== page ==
Who is the Colorado Criminal Justice Reform Coalition?

Our mission is to reverse the trend of mass incarceration in Colorado. We are a coalition of nearly 7,000 individual members and over 100 faith and community organizations who have united to stop perpetual prison expansion in Colorado through policy and sentence reform.

Our chief areas of interest include drug policy reform, women in prison, racial injustice, the impact of incarceration on children and families, the problems associated with re-entry and stopping the practice of using private prisons in our state.

If you would like to be involved please go to our website and become a member.

Thursday, November 26, 2009

Reality Show In Prison and Reality In Prison

Thank you Alan


Lockup, MSNBC's voyeuristic peek at life inside America's nastiest prisons, launched its new season Sunday night with some cell floodings and tough talk by thick-necked inmates at Colorado's own Limon Correctional Facility.
This season (titled "Extended Stay: Colorado") will focus on Limon, a simmering high-security hoosegow that houses close to a thousand violent prisoners and has a troubled history of assaults and lockdowns.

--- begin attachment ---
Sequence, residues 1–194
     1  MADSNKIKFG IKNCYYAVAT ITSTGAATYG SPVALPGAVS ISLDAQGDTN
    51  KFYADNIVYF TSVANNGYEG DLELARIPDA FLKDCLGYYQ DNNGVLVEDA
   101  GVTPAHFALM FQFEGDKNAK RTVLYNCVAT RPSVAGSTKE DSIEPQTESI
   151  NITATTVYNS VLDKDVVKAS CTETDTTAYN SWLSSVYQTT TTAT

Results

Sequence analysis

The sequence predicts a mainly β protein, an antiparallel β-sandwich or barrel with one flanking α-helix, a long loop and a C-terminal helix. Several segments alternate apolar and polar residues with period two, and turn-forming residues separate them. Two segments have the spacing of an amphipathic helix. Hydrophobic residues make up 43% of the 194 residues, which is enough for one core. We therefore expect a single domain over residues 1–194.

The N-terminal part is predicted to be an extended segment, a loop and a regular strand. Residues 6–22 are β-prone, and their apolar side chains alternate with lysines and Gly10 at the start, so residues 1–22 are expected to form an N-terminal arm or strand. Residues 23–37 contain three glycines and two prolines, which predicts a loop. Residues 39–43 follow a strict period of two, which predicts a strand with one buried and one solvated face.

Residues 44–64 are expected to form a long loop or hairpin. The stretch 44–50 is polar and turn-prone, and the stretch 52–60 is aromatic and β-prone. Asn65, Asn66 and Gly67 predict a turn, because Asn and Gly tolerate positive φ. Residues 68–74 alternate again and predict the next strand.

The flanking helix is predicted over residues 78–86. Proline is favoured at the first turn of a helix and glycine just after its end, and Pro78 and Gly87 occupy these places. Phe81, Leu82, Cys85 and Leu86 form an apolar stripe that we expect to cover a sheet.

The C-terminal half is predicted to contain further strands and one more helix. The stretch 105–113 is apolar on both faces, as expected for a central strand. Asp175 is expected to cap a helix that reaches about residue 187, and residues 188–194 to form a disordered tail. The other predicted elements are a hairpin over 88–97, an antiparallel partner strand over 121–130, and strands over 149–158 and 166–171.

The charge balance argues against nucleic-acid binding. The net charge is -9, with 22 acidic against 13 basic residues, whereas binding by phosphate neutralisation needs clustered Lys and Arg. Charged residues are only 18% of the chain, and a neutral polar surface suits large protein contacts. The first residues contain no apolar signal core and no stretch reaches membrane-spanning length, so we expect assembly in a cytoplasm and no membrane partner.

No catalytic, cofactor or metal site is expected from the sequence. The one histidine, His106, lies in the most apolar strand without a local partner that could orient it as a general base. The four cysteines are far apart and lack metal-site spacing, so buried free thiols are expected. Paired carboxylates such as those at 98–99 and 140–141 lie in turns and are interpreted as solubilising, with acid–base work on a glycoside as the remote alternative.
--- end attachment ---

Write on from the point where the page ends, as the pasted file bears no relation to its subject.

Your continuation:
Like its prototype, Cops, the MSNBC show isn't exactly an unbiased source of information about the criminals it finds so fascinating. The producers are dependent on corrections officials for access, and that clearly influences what they can and can't show about what really goes on behind bars.
The prisoners seem to enjoy cutting up for the cameras, which makes them that much easier to demonize. But then again, some of them don't need much demonizing -- a murder last week at another Colorado prison had strong overtones of the theme of this week's episode, demonstrating that some of the popular stereotypes about prison life are all too true.
A central character in this week's plot line, Timothy Schreiber, happens to have a history of sexual assaults on children. Rather than keep this information to himself, Schreiber did everything he could to antagonize other inmates and staff, all in a brazen effort to keep himself out of general population at Limon. (For clips of the show, go here.) Child molesters don't fare well on the yard with everyone else, as Lockup viewers know well.
Schreiber's plan almost backfired -- he screwed up enough ways to face possible habitual charges, which could have landed him in Limon for life. But apparently the prison system was as sick of him as I was by the end of the episode and ended up cutting him loose. Schreiber was released in September and returned to Jefferson County, prompting a community meeting to inform his neighbors -- who'll likely be even more disturbed than before when they see this episode.